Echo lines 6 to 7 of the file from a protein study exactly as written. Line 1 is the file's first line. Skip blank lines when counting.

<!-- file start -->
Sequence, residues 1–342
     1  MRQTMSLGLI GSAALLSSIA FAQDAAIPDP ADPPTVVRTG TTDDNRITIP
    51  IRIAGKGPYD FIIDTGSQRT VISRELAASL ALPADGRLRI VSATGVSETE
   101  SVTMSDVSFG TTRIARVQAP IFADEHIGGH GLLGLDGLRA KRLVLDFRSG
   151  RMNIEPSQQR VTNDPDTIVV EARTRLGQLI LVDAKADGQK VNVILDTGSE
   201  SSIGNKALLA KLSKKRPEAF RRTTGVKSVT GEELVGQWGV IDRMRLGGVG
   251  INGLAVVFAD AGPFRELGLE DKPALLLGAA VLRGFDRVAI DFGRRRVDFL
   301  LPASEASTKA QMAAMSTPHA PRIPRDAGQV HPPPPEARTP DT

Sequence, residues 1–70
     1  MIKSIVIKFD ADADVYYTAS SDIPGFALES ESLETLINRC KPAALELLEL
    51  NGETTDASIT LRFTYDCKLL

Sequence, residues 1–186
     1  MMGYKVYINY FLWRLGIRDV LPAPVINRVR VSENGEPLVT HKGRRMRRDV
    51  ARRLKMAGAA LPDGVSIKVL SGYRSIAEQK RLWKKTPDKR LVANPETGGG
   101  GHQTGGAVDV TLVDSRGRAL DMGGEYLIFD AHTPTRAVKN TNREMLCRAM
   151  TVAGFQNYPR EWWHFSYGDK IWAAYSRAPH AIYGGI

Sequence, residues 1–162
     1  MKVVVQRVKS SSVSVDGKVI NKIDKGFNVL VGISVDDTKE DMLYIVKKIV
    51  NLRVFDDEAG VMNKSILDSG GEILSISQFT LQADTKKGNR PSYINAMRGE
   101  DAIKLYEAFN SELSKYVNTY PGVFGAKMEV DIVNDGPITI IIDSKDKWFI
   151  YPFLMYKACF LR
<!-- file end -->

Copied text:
   201  SSIGNKALLA KLSKKRPEAF RRTTGVKSVT GEELVGQWGV IDRMRLGGVG
   251  INGLAVVFAD AGPFRELGLE DKPALLLGAA VLRGFDRVAI DFGRRRVDFL